Why I Became a Dancing "Super Commuter"
What lengths would you go to in order to further your dance career? For some of us, we're willing to build our life and work in two separate cities to make our wildest dreams come true.
I recently learned that there is a term for people like me who travel between two major metropolitan areas. We "super commuters" make the choice to ride regional buses and trains up to six hours round-trip, multiple times a week, in hopes of furthering our careers while maintaining our lifestyles and affordable rents.
This ambitious career style is not for the faint of heart.
I moved to Philadelphia to dance with BalletX in 2011, after seven seasons with Pacific Northwest Ballet. After an injury, the company released me from my contract mid-season. My husband had just started an organizational business after I uprooted him 3,000 miles for this job, so I felt pressure to remain in the city that had only recently become our home. But a lack of opportunity in Philadelphia pushed me to seek work elsewhere. I turned my gaze two hours north to the capital of the dance world, New York City.
I began commuting between the two cities up to five times a week. While this has required a great deal of dedication and caused a fair amount of back pain, the rewards have come back to me ten-fold.
In my first six months of commuting, I was hired at Steps on Broadway and Broadway Dance Center as guest faculty. I also became head of the contemporary dance department at Greenwich Ballet Academy (a 50-minute train ride north of New York). Additional opportunities have come in the form of choreography commissions for the Columbia Ballet Collaborative at Columbia University and chamber ballet company CelloPointe, plus master classes for the Second Avenue Dance Company at New York University, and speaking engagements for the Actors Fund|Dancers Resource, Gibney Dance's D.E.E.P. series and Hunter College.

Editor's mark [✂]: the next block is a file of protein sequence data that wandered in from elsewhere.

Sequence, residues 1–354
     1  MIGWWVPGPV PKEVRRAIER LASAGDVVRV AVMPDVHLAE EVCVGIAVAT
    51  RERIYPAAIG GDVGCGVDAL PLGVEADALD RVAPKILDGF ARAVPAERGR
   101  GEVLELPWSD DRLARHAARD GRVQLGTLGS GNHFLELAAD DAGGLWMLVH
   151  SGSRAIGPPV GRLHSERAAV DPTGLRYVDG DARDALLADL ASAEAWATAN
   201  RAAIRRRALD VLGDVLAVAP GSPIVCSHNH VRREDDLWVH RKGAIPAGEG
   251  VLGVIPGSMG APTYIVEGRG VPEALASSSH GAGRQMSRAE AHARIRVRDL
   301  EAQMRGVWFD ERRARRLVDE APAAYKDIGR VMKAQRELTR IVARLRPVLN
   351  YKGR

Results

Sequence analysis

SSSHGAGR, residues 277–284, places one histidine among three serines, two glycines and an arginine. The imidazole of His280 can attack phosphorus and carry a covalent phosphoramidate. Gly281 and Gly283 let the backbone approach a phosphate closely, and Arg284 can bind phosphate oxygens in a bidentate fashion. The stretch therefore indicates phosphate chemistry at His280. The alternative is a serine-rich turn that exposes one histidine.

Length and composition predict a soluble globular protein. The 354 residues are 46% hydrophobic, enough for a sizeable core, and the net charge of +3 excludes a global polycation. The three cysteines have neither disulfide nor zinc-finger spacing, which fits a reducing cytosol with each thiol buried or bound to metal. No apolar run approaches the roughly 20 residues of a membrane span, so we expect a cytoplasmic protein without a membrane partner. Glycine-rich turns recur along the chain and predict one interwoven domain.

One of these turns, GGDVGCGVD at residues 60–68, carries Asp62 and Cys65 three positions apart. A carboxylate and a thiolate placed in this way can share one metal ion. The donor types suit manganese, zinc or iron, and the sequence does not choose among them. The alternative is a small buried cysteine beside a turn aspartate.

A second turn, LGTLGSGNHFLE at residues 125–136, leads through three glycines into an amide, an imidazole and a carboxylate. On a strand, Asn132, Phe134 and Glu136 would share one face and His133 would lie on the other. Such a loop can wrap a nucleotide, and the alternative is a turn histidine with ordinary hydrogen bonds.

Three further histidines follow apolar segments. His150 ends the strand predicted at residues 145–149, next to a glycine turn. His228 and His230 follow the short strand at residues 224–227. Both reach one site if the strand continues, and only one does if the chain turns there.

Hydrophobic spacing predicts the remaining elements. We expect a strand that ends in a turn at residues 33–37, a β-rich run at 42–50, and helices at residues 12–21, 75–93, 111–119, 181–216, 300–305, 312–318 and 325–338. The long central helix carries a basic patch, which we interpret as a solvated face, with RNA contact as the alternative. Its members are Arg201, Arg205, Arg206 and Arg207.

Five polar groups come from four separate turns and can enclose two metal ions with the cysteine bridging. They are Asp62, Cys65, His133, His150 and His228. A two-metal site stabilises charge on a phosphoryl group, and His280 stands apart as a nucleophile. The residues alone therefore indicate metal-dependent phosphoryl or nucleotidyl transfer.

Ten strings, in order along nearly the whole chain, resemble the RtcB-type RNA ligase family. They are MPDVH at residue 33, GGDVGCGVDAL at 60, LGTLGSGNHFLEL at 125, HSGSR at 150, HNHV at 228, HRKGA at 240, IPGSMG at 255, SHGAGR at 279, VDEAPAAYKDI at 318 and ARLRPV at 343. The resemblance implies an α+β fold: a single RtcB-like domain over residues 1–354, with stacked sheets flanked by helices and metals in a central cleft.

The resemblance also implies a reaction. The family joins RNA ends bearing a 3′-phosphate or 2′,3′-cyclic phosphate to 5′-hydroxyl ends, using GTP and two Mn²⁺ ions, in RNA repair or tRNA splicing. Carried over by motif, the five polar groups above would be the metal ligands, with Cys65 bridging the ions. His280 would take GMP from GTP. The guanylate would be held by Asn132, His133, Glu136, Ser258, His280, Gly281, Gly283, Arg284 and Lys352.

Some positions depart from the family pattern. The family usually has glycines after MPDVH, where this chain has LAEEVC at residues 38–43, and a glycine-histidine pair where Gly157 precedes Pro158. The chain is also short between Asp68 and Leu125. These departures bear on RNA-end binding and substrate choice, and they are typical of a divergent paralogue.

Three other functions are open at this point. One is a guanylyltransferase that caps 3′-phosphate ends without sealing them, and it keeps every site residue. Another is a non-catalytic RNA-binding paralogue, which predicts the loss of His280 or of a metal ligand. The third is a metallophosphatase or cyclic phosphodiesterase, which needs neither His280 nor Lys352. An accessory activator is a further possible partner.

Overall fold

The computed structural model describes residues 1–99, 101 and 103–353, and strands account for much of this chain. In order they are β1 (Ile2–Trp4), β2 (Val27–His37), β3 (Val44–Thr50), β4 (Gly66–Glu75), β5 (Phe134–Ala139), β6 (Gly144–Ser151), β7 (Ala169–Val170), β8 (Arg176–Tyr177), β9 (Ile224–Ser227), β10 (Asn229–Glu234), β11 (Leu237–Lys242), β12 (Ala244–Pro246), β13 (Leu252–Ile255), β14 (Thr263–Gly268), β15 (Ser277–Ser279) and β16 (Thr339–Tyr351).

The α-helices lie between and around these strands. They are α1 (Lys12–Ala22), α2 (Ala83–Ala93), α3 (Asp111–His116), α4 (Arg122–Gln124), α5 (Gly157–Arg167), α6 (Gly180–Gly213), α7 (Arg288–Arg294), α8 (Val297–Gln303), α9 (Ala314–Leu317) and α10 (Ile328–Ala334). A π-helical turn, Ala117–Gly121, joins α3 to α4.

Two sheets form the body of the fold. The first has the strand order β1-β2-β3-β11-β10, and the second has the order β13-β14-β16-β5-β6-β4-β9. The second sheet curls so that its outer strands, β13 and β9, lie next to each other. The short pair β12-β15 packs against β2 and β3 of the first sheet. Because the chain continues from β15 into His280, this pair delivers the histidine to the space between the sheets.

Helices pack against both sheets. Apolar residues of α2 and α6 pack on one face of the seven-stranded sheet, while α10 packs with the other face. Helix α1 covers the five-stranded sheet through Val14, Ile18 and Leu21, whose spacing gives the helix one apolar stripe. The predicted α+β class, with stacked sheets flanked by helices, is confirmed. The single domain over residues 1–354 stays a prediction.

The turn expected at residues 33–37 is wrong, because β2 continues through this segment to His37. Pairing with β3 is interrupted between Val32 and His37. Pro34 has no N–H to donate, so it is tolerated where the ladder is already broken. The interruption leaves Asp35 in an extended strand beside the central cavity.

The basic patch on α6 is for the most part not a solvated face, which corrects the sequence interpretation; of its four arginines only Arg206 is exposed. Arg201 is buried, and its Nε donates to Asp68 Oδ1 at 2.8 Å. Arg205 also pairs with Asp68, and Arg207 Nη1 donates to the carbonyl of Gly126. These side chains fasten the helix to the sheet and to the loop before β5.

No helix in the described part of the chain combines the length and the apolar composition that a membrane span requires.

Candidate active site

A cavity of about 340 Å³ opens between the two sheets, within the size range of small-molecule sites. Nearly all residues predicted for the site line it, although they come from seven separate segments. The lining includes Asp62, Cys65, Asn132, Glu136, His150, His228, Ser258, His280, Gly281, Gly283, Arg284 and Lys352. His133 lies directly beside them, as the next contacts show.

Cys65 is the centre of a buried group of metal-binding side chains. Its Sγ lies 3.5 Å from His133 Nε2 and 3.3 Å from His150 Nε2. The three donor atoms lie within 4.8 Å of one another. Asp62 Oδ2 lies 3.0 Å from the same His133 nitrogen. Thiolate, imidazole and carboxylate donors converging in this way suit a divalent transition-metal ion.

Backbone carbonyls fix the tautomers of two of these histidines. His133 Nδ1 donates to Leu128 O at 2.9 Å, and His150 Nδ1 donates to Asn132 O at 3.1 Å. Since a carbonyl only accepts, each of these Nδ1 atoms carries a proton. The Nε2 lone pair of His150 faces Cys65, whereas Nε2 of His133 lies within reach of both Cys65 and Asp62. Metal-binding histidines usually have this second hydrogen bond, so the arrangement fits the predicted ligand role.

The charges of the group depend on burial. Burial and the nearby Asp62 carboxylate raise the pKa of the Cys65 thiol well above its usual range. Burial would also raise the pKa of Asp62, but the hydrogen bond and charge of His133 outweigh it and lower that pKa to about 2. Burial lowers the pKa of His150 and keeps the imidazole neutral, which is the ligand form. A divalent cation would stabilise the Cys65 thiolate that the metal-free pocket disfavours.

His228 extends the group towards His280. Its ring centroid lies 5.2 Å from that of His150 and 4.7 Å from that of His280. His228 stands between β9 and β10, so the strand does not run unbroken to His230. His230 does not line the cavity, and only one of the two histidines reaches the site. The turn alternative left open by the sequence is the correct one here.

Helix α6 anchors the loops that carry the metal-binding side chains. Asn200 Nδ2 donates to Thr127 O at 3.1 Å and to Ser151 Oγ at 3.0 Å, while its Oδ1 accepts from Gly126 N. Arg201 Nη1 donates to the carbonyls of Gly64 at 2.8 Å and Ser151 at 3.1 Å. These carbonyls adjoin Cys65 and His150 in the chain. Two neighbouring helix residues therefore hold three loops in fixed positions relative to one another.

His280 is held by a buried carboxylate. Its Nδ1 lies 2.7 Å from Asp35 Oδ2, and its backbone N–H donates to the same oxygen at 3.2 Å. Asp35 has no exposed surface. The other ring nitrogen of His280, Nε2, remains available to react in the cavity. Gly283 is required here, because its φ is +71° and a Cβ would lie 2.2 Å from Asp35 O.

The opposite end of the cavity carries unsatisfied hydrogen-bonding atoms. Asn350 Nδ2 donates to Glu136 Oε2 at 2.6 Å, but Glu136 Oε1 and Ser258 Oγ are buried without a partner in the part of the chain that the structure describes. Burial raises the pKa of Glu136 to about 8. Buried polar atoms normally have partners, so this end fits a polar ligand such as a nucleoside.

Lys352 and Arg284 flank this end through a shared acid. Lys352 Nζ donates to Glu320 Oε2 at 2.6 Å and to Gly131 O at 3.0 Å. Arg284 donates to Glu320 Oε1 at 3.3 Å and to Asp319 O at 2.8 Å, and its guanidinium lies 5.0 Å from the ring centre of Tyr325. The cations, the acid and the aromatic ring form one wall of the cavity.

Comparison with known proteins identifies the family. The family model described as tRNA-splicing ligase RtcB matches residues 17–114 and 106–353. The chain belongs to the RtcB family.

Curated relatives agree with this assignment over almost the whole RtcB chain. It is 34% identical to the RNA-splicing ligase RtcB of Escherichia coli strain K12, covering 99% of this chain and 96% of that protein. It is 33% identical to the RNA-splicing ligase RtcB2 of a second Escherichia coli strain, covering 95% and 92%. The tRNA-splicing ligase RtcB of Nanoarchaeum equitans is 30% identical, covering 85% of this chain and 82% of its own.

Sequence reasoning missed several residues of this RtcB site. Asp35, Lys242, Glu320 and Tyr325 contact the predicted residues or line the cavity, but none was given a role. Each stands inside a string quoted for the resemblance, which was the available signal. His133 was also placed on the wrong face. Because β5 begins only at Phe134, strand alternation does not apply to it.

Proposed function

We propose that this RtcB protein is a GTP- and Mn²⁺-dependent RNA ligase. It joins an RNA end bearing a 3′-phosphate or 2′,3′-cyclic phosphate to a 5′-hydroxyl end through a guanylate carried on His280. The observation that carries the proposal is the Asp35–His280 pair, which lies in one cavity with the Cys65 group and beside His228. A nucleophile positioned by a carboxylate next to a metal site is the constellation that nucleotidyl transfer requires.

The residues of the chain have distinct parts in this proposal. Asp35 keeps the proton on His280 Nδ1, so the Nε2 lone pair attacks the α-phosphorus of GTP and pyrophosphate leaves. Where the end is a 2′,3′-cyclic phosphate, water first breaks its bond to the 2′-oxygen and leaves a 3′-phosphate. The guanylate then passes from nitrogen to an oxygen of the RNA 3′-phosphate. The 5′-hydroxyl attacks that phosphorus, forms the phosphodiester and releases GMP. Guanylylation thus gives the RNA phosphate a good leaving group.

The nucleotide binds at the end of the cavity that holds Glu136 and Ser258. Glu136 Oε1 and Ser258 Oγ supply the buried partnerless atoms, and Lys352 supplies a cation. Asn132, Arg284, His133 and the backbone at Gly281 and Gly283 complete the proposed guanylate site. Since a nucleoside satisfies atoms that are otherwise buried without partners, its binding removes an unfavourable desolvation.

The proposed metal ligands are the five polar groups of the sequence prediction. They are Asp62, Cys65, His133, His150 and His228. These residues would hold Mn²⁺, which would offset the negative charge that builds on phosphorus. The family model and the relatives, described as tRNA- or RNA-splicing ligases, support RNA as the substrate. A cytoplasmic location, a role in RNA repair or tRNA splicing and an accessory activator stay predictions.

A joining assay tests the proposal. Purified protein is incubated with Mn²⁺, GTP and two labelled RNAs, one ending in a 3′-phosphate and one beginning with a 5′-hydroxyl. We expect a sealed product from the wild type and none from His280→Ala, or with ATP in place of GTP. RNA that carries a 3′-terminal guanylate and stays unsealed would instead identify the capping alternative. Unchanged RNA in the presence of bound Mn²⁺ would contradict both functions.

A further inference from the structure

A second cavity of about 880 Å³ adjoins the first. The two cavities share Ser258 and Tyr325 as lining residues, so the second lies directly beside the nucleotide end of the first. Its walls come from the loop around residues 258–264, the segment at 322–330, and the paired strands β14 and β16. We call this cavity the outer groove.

Rehearsing Columbia Ballet Collaborative. Photo by Eduardo Patino, courtesy Kerollis.
In 14 months of super commuting, I've gained new inspiration that I wasn't finding in my home dance scene.
I've also found that I'm not the only dance artist who does this. After months of sharing the same barre in Nancy Bielski's morning pro ballet class at Steps with a lovely dancer named Catherine Gurr, we ran into each other on my regular 8 a.m. Bolt Bus. She has also been making the trek to stay in shape for auditions while studying comparative literature at the University of Pennsylvania.
"I wasn't, and still am not, sure what the future would hold, so this is a good way to prepare for a life outside of dancing while also preparing for a dance career," says the former Ballet West trainee. By super commuting, she's gained connections in New York, received greater feedback at auditions and even obtained a few freelance performance opportunities along her way. This summer, she will travel across the country to dance with a regional ballet company where she is being considered for an apprenticeship.
The author and Catherine Gurr after morning ballet class with Nancy Bielski
One common thread found among super commuters is how keen we are in using our time in transit strategically. You are actually more productive when confined to a seat without distraction for hours on end. I use the bus ride to catch up on lost sleep and work on my podcast, Pas de Chát: Talking Dance, and blog, Life of a Freelance Dancer. In fact, I wrote this story while traveling.
Dancers are best known for their physical endurance. It should come as no surprise that our kind also possesses impressive emotional drive as well. Many artists are willing to do most anything to live out their dreams. Though it takes a special kind to travel far and wide.